.- Previously unseen correspondence shows Pope Benedict XVI taking an active concern for “more rapid” prosecution of abusive priests, over two decades ago.
A letter from 1988, published for the first time on Dec. 2 in the Vatican newspaper L'Osservatore Romano, details the cardinal and future Pope's concern that Church officials were not able to act quickly enough to implement existing penalties in cases of priestly abuse.
Cardinal Joseph Ratzinger raised these concerns about how the Church was handling some priests' “grave and scandalous conduct” in a letter to Cardinal Jose Lara, then president of a Pontifical commission on canon law, on Feb. 19, 1988. At the time, the future Pope Benedict XVI was serving as Prefect of the Congregation for the Doctrine of the Faith.
Cardinal Ratzinger noted in the letter that canon law allowed such priests to be punished through the immediate penalty of “reduction to the lay state.” But, he complained, the “complexity of the penal process” required by canon law presented “considerable difficulty” for local bishops attempting to revoke the priestly status of offenders.
Because of the difficulty involved in administering this punishment, Cardinal Ratzinger said that local bishops were choosing instead to seek a “dispensation from priestly obligations” for abusers. The cardinal noted that while this procedure also had the effect of laicizing priests, it was not an appropriate way to handle men who had disgraced the priesthood.
He pointed out the significant difference between the punishment of revoking a priest's faculties, and the virtual favor of dispensing such a person from priestly obligations. A dispensation from vows, he said, “by its very nature, involves a 'grace' in favor of the petitioner.”
“For the good of the faithful,” he wrote, the penalty of revoking priests' status “ought in some cases … to take precedence over the request for dispensation from priestly obligations,” through a “more rapid and simplified penal process.” He sought Cardinal Lara's advice as to how Church authorities might speed up the process while following canon law.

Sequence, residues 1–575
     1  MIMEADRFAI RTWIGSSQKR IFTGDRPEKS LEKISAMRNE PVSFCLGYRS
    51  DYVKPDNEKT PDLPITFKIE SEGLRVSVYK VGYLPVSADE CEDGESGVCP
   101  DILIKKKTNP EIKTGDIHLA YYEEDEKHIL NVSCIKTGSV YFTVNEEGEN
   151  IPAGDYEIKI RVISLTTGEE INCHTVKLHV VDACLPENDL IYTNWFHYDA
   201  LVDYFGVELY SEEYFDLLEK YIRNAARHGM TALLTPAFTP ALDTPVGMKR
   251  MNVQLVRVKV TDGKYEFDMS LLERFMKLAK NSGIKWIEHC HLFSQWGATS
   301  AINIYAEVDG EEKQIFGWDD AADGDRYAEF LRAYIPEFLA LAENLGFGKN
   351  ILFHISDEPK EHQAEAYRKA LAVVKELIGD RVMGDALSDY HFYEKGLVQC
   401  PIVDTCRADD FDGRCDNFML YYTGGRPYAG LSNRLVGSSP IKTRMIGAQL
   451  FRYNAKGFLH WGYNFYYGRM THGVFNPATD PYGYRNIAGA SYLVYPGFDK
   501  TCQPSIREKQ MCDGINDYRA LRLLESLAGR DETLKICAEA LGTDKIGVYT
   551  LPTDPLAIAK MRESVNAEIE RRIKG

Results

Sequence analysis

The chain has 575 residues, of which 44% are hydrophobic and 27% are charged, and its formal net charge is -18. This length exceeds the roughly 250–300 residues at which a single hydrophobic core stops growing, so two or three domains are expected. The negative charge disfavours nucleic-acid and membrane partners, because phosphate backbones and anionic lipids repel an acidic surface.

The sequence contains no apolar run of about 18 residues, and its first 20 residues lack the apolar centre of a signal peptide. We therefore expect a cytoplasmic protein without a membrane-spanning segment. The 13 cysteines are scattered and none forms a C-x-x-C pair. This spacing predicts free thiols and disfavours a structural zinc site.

Cardinal Lara concurred with Cardinal Ratzinger's concerns over “grave conduct,” but worried that swifter and stricter penalties might obstruct the “fundamental right” of accused priests to defend themselves against allegations not yet proven.
He appeared to agree with Cardinal Ratzinger's judgment that local bishops should not seek to revoke priests' status through a papal dispensation. Instead of seeking such dispensations from the priesthood, he said, local bishops should rely on their own “judicial and coercive power” according to existing canon law.
Cardinal Ratzinger's complaint, however, had hinged on the observation that canon law made it difficult for bishops to exercise such power, prompting their choice of recourse to Rome.
Although reforms during the 2000s gave the Vatican's doctrinal congregation greater freedom to punish abusive priests, the process remains difficult for local bishops due to the canonical complexities that the future Pope noted in 1988. Canon lawyers have spent the last two years developing a draft version of new penal procedures, which a team of advisers will review next year.